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Student leaders plan to name and shame professors who shun diversity training

The newly elected student body president and vice president at UT-Austin, who are set to take the helm for the 2019-20 school year, ran on a platform that pledged to out professors who are not keen on taking the wide swath of diversity lessons the university offers.

Prior to the election, Camron Goodman and Amie Jean, the president and vice president elect, told the campus community that “we will implement a training tag system that shows which professors have undergone inclusivity training by identifiable tags on the course schedules and syllabi. This will provide students with more transparency about the learning environment and encourage professors to proudly undergo trainings and further means by which they connect with students.”

“Encourage” professors. Sure, that’s one way of putting it.

Lists of any kind, whether kept by the Left or the Right, often make people shudder. Some in Austin already are over this development.

Mark Pulliam, a UT Austin watchdog, put it this way.

“My main concern is the notion that professors (and staff) should have to disclose to students whether they have taken ‘diversity and inclusion’ sensitivity training (and similar classes), thus shaming those who have not and signaling solidarity by those who have. Branding faculty as either ‘with the program’ or ‘not cooperating’ has a whiff of Orwell,” he told The College Fix.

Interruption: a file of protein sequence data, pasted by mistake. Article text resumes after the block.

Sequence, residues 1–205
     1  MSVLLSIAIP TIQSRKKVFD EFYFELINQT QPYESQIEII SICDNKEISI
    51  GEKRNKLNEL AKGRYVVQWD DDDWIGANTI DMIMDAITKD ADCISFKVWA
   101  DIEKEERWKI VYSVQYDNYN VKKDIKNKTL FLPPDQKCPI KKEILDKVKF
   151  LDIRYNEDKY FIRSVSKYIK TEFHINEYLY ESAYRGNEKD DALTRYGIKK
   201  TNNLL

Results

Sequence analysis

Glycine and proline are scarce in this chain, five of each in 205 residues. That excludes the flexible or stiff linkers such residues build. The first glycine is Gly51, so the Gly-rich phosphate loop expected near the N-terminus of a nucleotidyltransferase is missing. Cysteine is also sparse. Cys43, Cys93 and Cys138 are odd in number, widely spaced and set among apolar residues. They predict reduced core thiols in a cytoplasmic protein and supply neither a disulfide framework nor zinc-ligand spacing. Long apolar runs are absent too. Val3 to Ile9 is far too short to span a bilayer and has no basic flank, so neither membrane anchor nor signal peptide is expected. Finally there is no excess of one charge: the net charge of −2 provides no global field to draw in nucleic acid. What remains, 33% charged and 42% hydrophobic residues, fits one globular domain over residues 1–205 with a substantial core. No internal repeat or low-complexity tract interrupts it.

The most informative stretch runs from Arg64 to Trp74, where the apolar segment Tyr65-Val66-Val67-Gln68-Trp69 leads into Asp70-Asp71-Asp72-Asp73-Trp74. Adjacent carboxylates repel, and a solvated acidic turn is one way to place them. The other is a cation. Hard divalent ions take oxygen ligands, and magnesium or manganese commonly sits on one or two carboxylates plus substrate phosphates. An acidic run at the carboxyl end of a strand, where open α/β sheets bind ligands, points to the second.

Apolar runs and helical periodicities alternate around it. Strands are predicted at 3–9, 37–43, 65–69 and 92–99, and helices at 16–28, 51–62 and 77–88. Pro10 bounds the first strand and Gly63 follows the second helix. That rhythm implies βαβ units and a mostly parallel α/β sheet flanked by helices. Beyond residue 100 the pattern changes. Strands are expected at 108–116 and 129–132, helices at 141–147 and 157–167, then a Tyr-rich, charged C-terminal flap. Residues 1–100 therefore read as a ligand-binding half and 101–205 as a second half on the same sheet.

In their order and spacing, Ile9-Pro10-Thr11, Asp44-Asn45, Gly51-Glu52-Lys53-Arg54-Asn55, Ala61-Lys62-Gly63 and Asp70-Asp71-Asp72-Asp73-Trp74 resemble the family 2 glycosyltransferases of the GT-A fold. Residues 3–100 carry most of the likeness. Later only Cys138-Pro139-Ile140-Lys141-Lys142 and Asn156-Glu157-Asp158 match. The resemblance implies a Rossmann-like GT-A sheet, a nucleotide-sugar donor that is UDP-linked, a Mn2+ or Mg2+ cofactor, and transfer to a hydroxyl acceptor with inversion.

It’s unclear whether the newly elected ticket can and will make good on their campaign pledge. The sheer size and scope of such a database is daunting. But the fact that the progressive left wants to name and shame professors who don’t go along with the program, as they say, is troubling indeed.

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About the Author
Fix Editor
Jennifer Kabbany is editor of The College Fix. She previously worked as a daily newspaper reporter and columnist for a decade in Southern California, and prior to that held editorial positions at The Weekly Standard, Washington Times and FrontPageMagazine. She is also a Robert Novak Journalism Fellowship recipient and has contributed to National Review.

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